Last Tuesday (28), news broke that it was among a series of companies to experience a data breach. In the process, a reported 127,432 account users’ emails and iVoy passwords were exposed on an online forum.
Putting things in perspective: If a person uses the same password for everything (tsk tsk), that means they’re vulnerable on multiple fronts (e.g. email, social media, e-commerce platforms) when that password is obtained by an unauthorized party.
The startup stated that it’s deployed all its security protocols and that “users’ personal data is safe.” But just in case, it advised them to change their passwords.
It’s a daunting situation, but it’s always best to prepare beforehand, no matter your organization’s level of complexity.
What to do in case of a data breach
One can only begin to fathom what goes through a Founder’s or CEO’s mind when they’re told there’s been a data breach. My guess is it’s a word that rhymes with “spit” or “firetruck.”
After which they must see to solving the problem.
This is an (extremely) oversimplified explanation, but it’s important you keep it in mind (if you haven’t done so already).
The first thing to do is assess the damage preferably with cybersecurity experts. What information was exposed, when, and so on. The measures you take will depend on the level of sensitivity of the data that was compromised.
Christmas wish lists and pictures of your dog won’t sound the alarm. Personal data (emails, phone numbers, banking info) call for all hands on deck.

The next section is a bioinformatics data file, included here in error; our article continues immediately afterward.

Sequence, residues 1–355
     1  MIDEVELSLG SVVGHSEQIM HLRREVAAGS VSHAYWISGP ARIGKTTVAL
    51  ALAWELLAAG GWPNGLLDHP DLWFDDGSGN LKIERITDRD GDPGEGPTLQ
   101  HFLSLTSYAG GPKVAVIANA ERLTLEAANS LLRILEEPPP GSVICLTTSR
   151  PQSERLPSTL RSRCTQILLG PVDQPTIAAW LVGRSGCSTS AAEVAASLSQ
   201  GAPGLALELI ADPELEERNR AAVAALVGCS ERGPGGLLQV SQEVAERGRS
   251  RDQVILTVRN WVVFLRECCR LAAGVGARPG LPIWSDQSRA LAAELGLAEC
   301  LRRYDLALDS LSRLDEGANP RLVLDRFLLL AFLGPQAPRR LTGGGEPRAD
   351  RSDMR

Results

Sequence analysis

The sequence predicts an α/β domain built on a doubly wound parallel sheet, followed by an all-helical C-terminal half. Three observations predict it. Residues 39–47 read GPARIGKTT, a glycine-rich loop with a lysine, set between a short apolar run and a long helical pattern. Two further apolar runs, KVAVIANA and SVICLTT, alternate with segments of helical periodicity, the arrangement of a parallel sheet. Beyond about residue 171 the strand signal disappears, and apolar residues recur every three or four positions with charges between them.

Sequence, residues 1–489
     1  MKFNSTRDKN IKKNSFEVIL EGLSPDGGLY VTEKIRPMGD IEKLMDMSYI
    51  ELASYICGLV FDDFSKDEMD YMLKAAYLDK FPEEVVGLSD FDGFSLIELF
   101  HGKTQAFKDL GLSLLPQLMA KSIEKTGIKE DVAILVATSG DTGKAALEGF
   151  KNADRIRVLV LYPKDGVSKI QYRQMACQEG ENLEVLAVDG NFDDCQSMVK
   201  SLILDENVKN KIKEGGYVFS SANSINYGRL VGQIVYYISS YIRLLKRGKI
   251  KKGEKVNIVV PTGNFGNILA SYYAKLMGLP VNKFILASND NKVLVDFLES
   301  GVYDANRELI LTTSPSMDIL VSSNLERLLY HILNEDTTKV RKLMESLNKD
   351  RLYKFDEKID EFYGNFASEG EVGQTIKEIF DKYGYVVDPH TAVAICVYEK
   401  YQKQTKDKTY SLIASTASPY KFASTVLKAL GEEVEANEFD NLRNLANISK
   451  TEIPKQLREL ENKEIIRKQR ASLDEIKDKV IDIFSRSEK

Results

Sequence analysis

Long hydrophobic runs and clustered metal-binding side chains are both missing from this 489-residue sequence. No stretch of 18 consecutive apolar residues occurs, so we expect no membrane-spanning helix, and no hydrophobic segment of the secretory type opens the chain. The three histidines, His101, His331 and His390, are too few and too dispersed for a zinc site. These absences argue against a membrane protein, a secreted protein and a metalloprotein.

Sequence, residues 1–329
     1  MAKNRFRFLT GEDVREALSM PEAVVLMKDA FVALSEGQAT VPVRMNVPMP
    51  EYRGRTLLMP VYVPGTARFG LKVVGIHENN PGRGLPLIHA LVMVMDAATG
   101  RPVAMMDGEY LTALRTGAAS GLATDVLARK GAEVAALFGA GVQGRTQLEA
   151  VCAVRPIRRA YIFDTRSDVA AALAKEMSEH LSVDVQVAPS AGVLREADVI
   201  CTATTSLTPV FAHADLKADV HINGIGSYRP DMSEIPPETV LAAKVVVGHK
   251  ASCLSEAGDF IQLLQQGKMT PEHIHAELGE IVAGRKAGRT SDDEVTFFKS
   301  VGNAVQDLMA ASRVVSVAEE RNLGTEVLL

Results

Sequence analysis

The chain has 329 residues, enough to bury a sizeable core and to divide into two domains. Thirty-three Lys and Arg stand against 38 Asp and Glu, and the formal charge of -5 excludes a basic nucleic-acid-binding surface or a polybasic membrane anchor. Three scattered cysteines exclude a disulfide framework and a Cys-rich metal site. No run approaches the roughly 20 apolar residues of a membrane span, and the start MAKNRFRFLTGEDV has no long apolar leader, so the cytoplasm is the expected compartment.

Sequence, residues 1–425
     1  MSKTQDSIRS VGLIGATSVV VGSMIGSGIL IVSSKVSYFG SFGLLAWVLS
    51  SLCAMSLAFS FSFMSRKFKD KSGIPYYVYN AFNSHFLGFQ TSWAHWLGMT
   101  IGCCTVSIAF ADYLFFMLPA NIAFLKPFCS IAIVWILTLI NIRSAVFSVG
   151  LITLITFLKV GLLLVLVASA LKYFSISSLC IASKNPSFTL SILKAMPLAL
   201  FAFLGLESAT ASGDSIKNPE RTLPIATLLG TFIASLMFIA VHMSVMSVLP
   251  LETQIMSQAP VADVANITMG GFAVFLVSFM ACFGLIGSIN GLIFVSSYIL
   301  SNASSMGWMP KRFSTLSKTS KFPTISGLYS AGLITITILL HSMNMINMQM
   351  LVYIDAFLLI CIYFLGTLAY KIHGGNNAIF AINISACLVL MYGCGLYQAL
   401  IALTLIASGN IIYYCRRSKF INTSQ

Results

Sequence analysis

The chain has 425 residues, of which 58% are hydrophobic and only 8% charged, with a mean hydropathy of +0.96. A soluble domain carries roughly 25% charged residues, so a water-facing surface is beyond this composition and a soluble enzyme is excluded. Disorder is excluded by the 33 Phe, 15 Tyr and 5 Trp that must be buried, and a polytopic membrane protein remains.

Based on these findings, your team (preferably with legal counsel) will have to decide whether to disclose the breach to your users so they can protect themselves, as well as the relevant authorities.
In this case, iVoy issued a statement confirming the breach and advising its users on how to proceed.
You must also change your systems’ passwords and credentials and reevaluate your cybersecurity strategy.
If not, you might as well invite hackers through your digital door.
Data breach in a worst-case scenario?
Throughout the aforementioned process, make sure you document everything.
If things go awry, you’ll need a paper trail to demonstrate that you did everything within your means to solve the problem and protect users’ information.
Will it be enough to shield you from a fine if worse comes to worst? Meh, it’s complicated.
It might save you in court (it depends, as usual). But the damage it does to your image can have long-lasting effects.
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